A shofar sound medium 15 contains a representation at least one audible sound 14 simulating a shofar call ordinarily made when using a shofar, such as for Jewish religious observance. Shofar sound medium 15 many employ any one of a number of techniques widely known in the art for storing and creating sound. For example, shofar sound medium 15 may comprise a recording apparatus with said at least one audible shofar call recorded thereon. This recording apparatus, for example, may be in the form of magnetic tape, or a computer memory chip, or an optical storage device, or any other device known or which may become known in the art for storing sounds for later playback. Digital audio files, such as, but not limited to wav and midi and real and mp and Quicktime and Macromedia and similar files are all suitable recordings for this purpose. Alternatively, shofar sound medium 15 may comprise a sound synthesizing apparatus synthesizing said at least one audible shofar call. Sound synthesizers typically employ computer data which in some manner represents a sound or sounds to be made. A computer processor then interprets this computer data, and causes the desired sound to be made. In short, shofar sound medium 15 may comprise and utilize any number of the diverse means and method available in the art or which may become available in the art in the future for in some fashion representing a sound, such that the desired sound can subsequently be made from that stored representation.
Preferably, for optimum realistic effect, the output mouth of shofar replica 11 comprises a speaker 12 for audibly playing said at least one audible shofar call sound 14 representation comprised within said shofar sound medium 15. In particular, when a timing device 17 reaches a predetermined time (such as, for example only, 6:15 AM on the time display 13 of the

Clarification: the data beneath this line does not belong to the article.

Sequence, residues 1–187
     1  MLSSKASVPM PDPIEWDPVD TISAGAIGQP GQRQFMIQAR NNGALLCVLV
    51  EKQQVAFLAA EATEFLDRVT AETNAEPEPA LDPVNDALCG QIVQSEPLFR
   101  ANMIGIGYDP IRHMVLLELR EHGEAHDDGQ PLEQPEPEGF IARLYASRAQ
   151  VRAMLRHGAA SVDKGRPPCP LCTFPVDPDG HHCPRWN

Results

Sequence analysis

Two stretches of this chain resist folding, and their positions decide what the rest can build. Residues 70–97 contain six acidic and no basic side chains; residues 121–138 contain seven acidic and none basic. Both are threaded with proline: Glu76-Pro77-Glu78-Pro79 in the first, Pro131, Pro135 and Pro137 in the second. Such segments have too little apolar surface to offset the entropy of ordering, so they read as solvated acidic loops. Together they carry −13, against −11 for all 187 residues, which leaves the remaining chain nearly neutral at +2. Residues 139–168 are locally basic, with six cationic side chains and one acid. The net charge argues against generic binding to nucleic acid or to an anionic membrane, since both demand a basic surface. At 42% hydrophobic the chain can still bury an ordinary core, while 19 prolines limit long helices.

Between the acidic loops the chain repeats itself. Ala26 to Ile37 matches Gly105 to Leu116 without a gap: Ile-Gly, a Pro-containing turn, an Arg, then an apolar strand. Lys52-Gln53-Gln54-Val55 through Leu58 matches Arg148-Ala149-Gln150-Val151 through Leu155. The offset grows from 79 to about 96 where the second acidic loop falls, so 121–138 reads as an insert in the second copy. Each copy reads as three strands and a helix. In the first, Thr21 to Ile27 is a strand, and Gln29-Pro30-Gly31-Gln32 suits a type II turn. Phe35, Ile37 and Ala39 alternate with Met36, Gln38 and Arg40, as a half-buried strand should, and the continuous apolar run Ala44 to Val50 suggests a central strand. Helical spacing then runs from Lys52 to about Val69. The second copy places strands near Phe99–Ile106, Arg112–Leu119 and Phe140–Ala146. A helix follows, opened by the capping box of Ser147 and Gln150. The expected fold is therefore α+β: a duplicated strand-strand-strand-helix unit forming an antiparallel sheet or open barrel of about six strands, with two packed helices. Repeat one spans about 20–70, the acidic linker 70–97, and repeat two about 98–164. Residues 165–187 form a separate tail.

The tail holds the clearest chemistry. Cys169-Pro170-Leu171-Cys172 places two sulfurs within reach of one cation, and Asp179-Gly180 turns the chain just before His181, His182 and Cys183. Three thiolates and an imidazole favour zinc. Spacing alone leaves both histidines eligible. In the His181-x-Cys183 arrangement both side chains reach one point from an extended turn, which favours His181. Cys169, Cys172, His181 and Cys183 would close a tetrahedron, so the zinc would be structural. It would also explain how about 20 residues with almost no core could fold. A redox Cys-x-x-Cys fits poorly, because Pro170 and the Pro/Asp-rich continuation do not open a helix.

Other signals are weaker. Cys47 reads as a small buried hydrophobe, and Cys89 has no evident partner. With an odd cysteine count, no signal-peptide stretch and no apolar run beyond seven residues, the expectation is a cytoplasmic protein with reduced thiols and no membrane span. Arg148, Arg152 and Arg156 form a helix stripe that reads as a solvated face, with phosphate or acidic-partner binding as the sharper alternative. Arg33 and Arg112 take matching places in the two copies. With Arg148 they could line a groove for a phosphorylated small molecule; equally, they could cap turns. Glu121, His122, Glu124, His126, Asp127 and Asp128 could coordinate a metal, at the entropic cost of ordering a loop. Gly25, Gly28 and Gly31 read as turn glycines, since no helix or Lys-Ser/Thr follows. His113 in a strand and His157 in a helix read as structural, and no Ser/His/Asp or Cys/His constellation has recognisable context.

Shofar alarm clock 1 also comprises user controls 18. These controls of course contain standard alarm clock elements such as would be required for the use to set the time at which the alarm is to be sounded. But, as described below, user controls 18 also enable the user to determine which shofar calls are to be sounded, as well as the sequence in which the calls are to be sounded. Optionally, the user can even specify different calls or call sequences at different times.
Shofar alarm clock 1 may also be embodied more in the nature of a grandfather clock or a chime clock or a cuckoo clock (referred to generally as a “periodic-sound clock”) which activates audible sounds on the hour, or the half hour, or the quarter hour. The user controls can be used to specify which shofar calls are to be sounded, as well as the sequence in which the calls are to be sounded, at various time intervals. Alternatively, the patterns may be pre-established in the manufacture of the clock. Thus, for example, not limitation, Tekiah might be sounded on the quarter hour, Shevarim on the half hour, Teruah on the three-quarters hour, and Tekiah G'dollah on the hour.
Although the embodiment illustrated in
While only certain preferred features of the invention have been illustrated and described, many modifications and changes will occur to those skilled in the art. It is, therefore, to be understood that the appended claims are intended to cover all such modifications and changes as fall within the true spirit of the invention.
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|U.S. Classification||368/73, 368/251, 368/75, 368/274, 368/272|
|International Classification||G04B23/02, G04B19/00, G04C21/16, G04G13/00, G04C23/00, G04C21/00, G04B21/02, G04G13/02|
|Cooperative Classification||G04G13/02, G04G13/00, G04G13/021|
|European Classification||G04G13/00, G04G13/02A, G04G13/02|